But once you’ve decided that you’re not done, there’s more work to do. So, once you’ve decided the identity you want to have, then you have to put your money where your mouth is and go prove it. This is where many of you get tripped up. What I mean here is this, once you’ve decided ‘I want to be a healthier person,’ there’s your identity, then you think that losing 20 pounds is what will make you a healthier person.
Or once you’ve decided ‘I want to be an active person.’ Once you’ve crossed the finish line of your triathlon, you’re an active person. And if you’ve gotten trapped by this, I hear you, I see you, and this is where I’m going to help you out.
Because the fact that you lost 20 pounds does not, in and of itself, make you healthy. The fact that you finished your triathlon does not make you an active person. It is so much more than that. And I want to help you see that and take this to another level.
So, with that in mind, here’s what we’re going to talk about today. We’re going to talk about what your weight loss goal actually is. And really, you can apply this to any big goal you’ve got, whether it’s related to your weight, exercise, fitness, career, any of it.
Then we’re going to talk about what your knee-jerk response should be when you declare your weight loss goal or your other big goal. Then we’re going to talk about the difference between a weight loss goal and a habit goal. Last, we’re going to talk about another essential type of goal that I’m going to encourage you to have for any big change you’re looking to make.
And I’m going to make a big deal out of that last type of goal, because it’s the place where I see so many of you get derailed. So, hang on for that last bit, because that is going to be essential to your success. All right? So, let’s go.
What exactly is your weight loss goal? I’m using “weight loss” here because this is where I commonly see it come up. So, I’ll get started with a client, and one of the first things she’ll tell me is that she wants to lose 20 pounds. So, there it is, there’s your number, that’s the goal. When you tell me you want to lose 20 pounds, you’ve just told me your result goal. That’s the outcome you want to achieve. That’s the endgame right there.
And it makes sense. Result goals are generally tangible. They are measurable, you either did or did not lose 20 pounds. It’s very black and white. And often, this is how your desire for change begins, because you’ve got a result that you don’t like.
In the case of weight loss, often that desire to lose 20 pounds comes after the compounding effect of years of processed food, too much food without monitoring portions, coupled with little to no physical activity, plus stress, and no sleep.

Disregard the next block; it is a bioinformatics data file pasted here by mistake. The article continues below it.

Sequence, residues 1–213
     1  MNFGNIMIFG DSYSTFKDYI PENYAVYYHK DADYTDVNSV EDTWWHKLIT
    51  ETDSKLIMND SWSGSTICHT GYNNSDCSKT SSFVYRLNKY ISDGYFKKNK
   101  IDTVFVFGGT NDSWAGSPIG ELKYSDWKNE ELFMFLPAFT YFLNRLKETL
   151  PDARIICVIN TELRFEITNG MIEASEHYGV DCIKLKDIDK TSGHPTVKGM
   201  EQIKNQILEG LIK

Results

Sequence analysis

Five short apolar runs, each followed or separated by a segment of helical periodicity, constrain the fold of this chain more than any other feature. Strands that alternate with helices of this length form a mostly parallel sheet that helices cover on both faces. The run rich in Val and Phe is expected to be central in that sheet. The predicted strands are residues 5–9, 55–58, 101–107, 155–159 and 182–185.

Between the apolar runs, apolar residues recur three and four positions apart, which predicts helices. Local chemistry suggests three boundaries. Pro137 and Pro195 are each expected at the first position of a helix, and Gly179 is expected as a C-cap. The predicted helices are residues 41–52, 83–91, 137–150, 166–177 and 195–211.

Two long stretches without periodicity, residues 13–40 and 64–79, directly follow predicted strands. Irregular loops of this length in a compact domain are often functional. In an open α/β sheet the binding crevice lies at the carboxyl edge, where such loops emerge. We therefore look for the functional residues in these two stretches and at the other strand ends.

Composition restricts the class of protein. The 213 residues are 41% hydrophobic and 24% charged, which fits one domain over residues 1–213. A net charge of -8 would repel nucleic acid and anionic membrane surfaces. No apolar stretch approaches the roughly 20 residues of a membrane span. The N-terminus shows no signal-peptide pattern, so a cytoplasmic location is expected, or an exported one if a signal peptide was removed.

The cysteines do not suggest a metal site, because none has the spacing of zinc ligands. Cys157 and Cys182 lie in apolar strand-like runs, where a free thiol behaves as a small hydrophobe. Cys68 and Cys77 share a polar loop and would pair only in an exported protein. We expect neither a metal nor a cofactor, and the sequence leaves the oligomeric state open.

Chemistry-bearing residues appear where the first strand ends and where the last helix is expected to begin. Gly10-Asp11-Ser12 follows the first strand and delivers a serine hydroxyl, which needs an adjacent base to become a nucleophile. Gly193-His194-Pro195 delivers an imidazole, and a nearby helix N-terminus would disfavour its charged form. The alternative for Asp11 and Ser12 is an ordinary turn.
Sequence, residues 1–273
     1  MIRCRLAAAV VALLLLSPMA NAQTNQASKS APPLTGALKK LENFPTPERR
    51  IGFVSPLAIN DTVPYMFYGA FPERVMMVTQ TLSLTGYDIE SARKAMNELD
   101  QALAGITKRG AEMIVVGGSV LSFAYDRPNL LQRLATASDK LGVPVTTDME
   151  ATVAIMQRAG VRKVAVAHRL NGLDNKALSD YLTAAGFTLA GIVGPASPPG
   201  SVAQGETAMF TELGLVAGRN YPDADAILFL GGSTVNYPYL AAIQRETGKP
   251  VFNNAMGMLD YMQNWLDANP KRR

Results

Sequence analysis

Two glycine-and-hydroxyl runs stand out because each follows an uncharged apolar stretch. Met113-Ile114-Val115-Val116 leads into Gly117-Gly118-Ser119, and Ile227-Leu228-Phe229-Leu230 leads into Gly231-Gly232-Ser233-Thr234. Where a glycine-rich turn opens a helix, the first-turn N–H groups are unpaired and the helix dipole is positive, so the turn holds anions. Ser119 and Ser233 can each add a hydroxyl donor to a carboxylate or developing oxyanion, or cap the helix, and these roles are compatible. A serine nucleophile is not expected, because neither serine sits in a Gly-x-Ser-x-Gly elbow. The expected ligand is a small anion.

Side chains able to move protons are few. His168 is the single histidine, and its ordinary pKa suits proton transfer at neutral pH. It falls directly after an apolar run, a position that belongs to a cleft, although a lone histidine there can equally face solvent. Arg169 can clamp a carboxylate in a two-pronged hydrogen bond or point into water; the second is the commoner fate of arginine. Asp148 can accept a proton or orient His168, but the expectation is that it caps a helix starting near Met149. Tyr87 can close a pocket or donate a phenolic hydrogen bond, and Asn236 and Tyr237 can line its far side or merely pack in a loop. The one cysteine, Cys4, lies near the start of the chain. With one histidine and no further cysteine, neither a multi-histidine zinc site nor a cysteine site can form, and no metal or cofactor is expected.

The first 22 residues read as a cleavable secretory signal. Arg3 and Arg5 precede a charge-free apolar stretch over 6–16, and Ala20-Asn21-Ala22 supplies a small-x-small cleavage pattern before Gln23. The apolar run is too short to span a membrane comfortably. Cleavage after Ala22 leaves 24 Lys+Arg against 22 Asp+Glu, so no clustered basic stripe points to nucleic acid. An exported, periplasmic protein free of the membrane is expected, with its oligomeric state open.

Your weight is the result of the choices you’ve made to that point, and you decide you need to change it up; you’re unhappy with your outcome. So, it only makes sense that when you’re looking to change things, you would start by looking at the result you want to change.
You can also apply this to exercise. For some of you, you have a goal of competing in a race. So, choose your race, maybe it’s a 5k, maybe it’s a half marathon or a full marathon, maybe you decided this is the year you’re doing a triathlon. That triathlon, that’s your outcome, that is your result right there. At the end of the day, you either did or did not complete the race. It’s measurable, it’s tangible. And again, it’s very black and white.
Hopefully, you get the idea here. When you have a goal in mind, it’s an outcome that you’re really looking for. It’s the result that you’re looking to achieve. And generally, it’s measurable; you either did or did not achieve the result.
Now, once you’ve decided on the outcome, or the result goal that you’re looking to achieve, here is what I’m offering as your knee-jerk response to that goal. Going back to our weight loss example, if you tell me that your goal is to lose 20 pounds, the very next sentence that comes out of your mouth should be, “And I will do it by doing these things. I will achieve it by following these steps.”
So, that’s your method; it’s your habit or collection of habits that will get you to the goal. To put it simply, I’m asking you to set a habit goal alongside your result goal. And your habit goal is exactly as it sounds, you are outlining the behaviors that you will carry out regularly to make that result goal inevitable.
And I would argue that this is where you should be really zoning in, more so than the result itself. Okay? Your knee-jerk response when you set a result goal, is to follow it up by describing the habit goals or the method that is going to get you there.
Again, in the case of your 20-pound weight loss goal, once you name it, if you want to be successful, the next step after setting this goal is explaining exactly the habits that will get you there.
Now, if you remember from a previous episode, I mentioned this before, but I’m encouraging you to start by thinking about: What is it going to take to lose that first pound? What is it going to take to lose the very first pound, right? We’re starting small here. I know you don’t want to lose one pound; you’re looking to lose 20. But remember, in order to lose those 20 pounds, you have to start by losing the first one. That’s how the math works, right?
So, get very specific and tell me what you have to do to lose that first pound. What habits do you need to adopt in order to lose the weight? Will you cut out one processed, junk food snack every day and replace it with a piece of fruit and stringy cheese? Will you start bringing your lunch to work every day, instead of getting takeout or fast food with your coworkers? Will you start the 3-2-1 Method?
Remember, the 3-2-1 Method: 3 bottles of water any size, 2 pieces of fruit or veggie throughout the day for snack, and 1 big honking salad a day. This is from my mentor, Jordan Syatt, and I think it’s a great place to start. But whatever it is, name it, determine the habits that you are building. This is going to be your method.